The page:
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10 October, 2012@3:21 am

“Celebrating the win/ Celebrate what it meant, Do remember and celebrate it again”

The first lyrics recited by Skyzoo on his sophomore album not only set the tone for A Dream Deferred, but put his whole career to this point in perspective. It’s been three years since the release of his debut album, The Salvation. While the gap has left plenty of room for the Brooklyn lyricist to grow, the public has been fortunate enough to witness it firsthand through a series of critically acclaimed side projects released since that time span. Between a collaborative album with producer Illmind (Live From The Tape Deck), to The Great Debater, and the more recent Theo vs. JJ: Dreams vs. Reality mixtapes, he has kept his fans satisfied as he placed the final touches on what could only be his most ambitious work to date. With the album completed, the Brooklyn lyricist attempts to connect the pieces between all of his projects in one grand effort.

The album opens up with an excerpt from the movie Fresh that leads right into the introductory track “Dreams In A Basement”. Produced by longtime collaborator !llmind, Skyzoo lyrically sets the scene over a smooth melody that’s enhanced by the vocals of Jill Scott. For an opening track it’s not as grandiose as one would expect sound wise, but works surprisingly well for the direction Sky chooses to take. Leading into the lead single of the album, “Jansport Strings (One Time For Chi Ali)” has him embracing his Brooklyn roots in proud fashion. 9th Wonder provides the backdrop filled with the boastful sounds of trumpets and bass. While the song itself is track meant to reminisce, Sky is able to relate the tales of upbringing beyond the masses of his borough.

It should be noted that lyrically Skyzoo has always been in a class all his own, but it’s his ability to craft tales from a character perspective that deserves much more credit than it receives. “The Rage of Roemello” has him embodying the spirit of Roemello Skruggs, lead character of the movie Sugar Hill. The parallels between the reality of his lyrics and that of the movie are interwoven forming an entirely unique perspective. This is also evident on “Steel’s Apartment”, quite possibly the crown jewel of the album. Serving as an ode to the cult classic film “Juice”, Sky one ups the concept by drawing inspiration from the ambitions and dreams the characters of that film all embodied in their own respective ways. Look no further than the reflectively triumphant chorus to fully appreciate this track.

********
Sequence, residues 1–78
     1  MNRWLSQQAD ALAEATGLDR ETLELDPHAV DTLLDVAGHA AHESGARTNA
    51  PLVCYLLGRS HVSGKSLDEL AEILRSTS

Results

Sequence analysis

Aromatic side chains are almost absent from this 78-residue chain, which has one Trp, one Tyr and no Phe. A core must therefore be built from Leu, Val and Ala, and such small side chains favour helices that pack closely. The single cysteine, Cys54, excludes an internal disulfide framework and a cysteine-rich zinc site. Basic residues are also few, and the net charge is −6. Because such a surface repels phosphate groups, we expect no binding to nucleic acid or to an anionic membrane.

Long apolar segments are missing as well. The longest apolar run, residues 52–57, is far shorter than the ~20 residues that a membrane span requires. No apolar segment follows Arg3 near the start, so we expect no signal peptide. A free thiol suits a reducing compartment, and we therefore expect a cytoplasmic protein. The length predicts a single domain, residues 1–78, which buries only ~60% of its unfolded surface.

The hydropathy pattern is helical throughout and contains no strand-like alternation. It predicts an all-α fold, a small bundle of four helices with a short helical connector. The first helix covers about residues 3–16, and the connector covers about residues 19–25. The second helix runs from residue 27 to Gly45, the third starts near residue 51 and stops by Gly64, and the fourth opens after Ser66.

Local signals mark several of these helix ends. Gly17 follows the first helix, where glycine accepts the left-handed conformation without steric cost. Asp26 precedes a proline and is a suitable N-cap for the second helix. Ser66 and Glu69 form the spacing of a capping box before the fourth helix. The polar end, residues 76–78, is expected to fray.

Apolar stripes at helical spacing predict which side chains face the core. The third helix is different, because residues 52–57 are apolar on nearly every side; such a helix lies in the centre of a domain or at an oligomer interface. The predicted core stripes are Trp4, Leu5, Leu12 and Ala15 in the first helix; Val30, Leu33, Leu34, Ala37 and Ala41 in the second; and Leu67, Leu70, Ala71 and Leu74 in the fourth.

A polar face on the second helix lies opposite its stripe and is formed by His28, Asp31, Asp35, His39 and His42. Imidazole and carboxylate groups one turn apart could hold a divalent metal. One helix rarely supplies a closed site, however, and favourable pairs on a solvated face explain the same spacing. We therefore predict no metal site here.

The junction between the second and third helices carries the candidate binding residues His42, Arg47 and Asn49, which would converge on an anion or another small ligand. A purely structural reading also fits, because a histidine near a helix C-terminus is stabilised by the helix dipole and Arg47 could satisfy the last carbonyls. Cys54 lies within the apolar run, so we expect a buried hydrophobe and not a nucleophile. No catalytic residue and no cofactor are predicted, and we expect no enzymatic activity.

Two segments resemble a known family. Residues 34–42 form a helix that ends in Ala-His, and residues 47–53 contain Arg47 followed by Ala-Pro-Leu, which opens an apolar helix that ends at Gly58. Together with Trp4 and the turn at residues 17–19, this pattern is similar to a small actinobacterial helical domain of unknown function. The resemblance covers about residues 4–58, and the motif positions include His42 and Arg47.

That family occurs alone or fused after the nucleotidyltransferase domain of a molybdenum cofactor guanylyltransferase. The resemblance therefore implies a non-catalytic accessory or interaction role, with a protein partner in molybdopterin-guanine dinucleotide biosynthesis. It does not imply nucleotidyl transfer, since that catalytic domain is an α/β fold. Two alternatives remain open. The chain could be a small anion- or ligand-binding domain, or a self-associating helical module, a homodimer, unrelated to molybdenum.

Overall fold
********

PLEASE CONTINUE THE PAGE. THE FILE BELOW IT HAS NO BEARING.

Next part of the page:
As much as one would love to praise the direction and conceptual choices made on this album, it isn’t without its missteps. The unimpressive “Give It Up” could have been left on the cutting floor, and the Raheem Devaughn assisted “Drew & Derwin” is bearable depending on the listener. In any case these slight flaws don’t diminish the strong points of the album one bit. “Range Rover Rhythm” is Skyzoo at his best, mixing street poetry with good life sensibilities. If there was ever a song that mainstream radio needed then this would be the one, as producer Jahlil Beats shows why he’s one of the more sought after producers on the rise.

In the past Skyzoo projects have often seem one dimensional in terms of not fully showing his versatility in terms of wide spread appeal. “The Knowing” rejects that notion, as Sky uses the track to seduce the opposite sex with a record that could also tap crossover recognition if given the right look. Of course the self-proclaimed “Writer of Writers” wouldn’t be him if he didn’t pay homage to one of his main inspirations with “Spike Lee Was My Hero”. Together him and fellow Brooklyn Native Talib Kweli show their appreciation for the film icon while offering nostalgic perspectives on his more classic works.

If there was ever any question of where Skyzoo could go as an artist, he proved that on his sophomore LP, there is no ceiling to what he can create. A Dream Deferred is an album filled with everything that long time fans have come to expect, while still remaining accessible for newer ones to embrace him. This record will probably have you listening to it repeatedly in an effort to decipher and catch every lyrical gem left here, and there in lies the true beauty. Skyzoo compiled an album that forces listeners to think, while he captures his dreams and realities for them to interpret in their own subjective ways. For that reason alone, he has shown that his efforts haven’t gone to waste.

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4 Responses to "Skyzoo – “A Dream Deferred” – @@@@1/2 (Review)"
  • KC says:

    This record is terrific, and I agree that “Give It Up” sounds out of place on it; not necessarily a bad song, but doesn’t fit the flow here.

    Definite Top 5 of the year for me.

  • MrJayeye says:

    Review says it all. Great album, hope it doesn’t get slept on.

  • bobby2000 says:

    Not feeling this album. It’s not bad, but it’s not particularly good either. I think the production is way to soft, together with Skyzoo’s laid back flow it gets very boring and monotone. I also feel that the hooks on most tracks are weak, I think this is a problem with all Skyzoo’s releases. Skyzoo might have good lyrics but he just doesn’t manage to grab my attention.

  • Chad says:

    To each their own, great record. Maybe top 10 of the year, but not top 5, Kendrick lamar will be though. Skyzoo comes within a molecule of a vibe filled classic though. Def worth supporting.

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